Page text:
I had the pleasure of spending the day on Tuesday in Washington to discuss my favorite legislative topic – healthcare. First stop, the White House, where I met with the Special Assistant to the President for Health Policy. This was a lively discussion which covered rising drug prices, the opioid crisis, mental health parity and employer reporting. The reality in Washington is that strong bipartisan support is going to be necessary to do anything before the midterm elections. Opioid addiction is one of those issues. Both sides of the aisle appear ready to move boldly and decisively on this topic, which has become a national crisis.
A related subject, President Trump is slated to give a long-awaited speech laying out proposed actions to lower drug prices on Friday. Certainly, bold steps will be proposed although no one seems to be aware of exactly what the President will put forth. Both pharmacy benefit managers (PBMs) and drug companies are vulnerable, as the Kaiser Family Foundation reported that 52% of those polled felt that bringing down drug costs should be a legislative “top priority.” One rumor is that the anti-kickback exemption for drug rebates is at risk since rebates serve to create conflicting incentives. Another idea being floated is that Trump may announce ways to combat intentional drug manufacturer delays in getting generic drugs to market (such as creating a long-release formula to extend patent life).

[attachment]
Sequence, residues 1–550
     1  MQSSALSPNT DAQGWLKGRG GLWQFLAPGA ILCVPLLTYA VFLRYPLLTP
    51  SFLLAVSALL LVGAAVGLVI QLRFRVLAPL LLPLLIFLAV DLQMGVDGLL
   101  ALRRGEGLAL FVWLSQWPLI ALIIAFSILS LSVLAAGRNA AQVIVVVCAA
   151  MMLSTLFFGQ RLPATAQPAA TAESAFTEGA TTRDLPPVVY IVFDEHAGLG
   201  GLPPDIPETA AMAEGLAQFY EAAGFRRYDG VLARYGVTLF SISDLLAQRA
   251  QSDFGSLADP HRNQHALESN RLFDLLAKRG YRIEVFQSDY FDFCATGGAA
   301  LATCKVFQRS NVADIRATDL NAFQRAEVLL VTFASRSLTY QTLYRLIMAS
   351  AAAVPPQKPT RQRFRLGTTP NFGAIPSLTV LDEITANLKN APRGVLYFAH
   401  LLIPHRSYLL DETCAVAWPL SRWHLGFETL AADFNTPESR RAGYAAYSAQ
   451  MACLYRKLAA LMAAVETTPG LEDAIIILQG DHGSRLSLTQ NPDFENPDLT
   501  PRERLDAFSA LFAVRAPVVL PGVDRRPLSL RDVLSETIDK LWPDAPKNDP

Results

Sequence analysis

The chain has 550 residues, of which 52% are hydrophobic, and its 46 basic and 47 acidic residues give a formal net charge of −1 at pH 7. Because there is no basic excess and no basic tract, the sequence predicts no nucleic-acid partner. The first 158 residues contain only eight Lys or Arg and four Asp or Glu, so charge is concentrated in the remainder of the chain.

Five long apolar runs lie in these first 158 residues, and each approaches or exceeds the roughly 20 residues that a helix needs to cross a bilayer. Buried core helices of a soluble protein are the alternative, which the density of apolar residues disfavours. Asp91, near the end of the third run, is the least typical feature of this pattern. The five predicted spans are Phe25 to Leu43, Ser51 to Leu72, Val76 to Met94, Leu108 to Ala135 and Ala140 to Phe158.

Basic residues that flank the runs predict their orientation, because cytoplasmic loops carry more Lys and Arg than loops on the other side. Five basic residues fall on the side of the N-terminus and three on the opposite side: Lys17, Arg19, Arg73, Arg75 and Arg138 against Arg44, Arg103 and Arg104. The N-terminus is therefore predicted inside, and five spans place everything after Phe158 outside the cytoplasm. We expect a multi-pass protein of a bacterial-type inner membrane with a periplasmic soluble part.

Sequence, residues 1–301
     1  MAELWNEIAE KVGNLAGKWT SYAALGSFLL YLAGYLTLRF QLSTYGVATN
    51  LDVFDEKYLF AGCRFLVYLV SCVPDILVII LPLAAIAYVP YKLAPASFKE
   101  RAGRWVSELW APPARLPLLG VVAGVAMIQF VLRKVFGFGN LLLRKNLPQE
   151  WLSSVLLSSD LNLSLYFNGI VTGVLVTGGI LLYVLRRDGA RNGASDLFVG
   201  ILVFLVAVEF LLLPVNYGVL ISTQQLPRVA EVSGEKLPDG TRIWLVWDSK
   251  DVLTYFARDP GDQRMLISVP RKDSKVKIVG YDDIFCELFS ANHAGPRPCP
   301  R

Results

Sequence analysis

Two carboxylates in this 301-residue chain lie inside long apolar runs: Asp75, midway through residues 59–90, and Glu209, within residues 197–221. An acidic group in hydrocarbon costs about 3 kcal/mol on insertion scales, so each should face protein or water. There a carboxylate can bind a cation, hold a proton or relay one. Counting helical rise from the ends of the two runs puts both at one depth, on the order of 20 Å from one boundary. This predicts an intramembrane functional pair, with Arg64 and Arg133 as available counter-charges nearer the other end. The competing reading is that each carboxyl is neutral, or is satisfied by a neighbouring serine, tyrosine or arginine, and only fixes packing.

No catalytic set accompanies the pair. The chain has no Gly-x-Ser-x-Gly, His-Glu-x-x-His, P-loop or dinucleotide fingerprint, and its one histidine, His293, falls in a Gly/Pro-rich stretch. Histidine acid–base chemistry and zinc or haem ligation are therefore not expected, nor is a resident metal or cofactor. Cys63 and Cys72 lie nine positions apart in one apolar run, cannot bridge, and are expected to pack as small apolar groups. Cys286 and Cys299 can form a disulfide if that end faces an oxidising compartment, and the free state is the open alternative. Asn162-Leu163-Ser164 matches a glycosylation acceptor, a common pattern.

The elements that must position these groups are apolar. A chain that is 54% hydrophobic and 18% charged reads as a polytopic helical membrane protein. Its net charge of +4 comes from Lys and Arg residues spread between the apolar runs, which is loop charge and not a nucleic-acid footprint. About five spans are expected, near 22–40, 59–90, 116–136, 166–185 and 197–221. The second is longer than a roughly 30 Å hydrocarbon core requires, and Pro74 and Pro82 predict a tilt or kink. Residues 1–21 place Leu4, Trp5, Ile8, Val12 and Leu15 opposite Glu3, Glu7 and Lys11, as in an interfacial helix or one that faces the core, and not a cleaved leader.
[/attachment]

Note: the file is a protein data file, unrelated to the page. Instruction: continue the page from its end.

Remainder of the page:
Secretary of Health and Human Services (HHS), Alex Azar, said recently on drug pricing that “Action is desperately needed: There’s little difference for a sick patient between a miracle cure that hasn’t been discovered and one that is too expensive to use.”
We spent the afternoon visiting with bipartisan sponsors from both the House and Senate to discuss legislation to streamline employer reporting. As I left for Washington virtually all the clients I mentioned my trip to said, “tell them to do something about reporting.” This topic had support everywhere we went but as I have learned about politics, even that may not be enough to get these bills passed. I was led to believe that the House will look to move this forward in the summer months and sponsors are hopeful. But political wheels turn very slowly.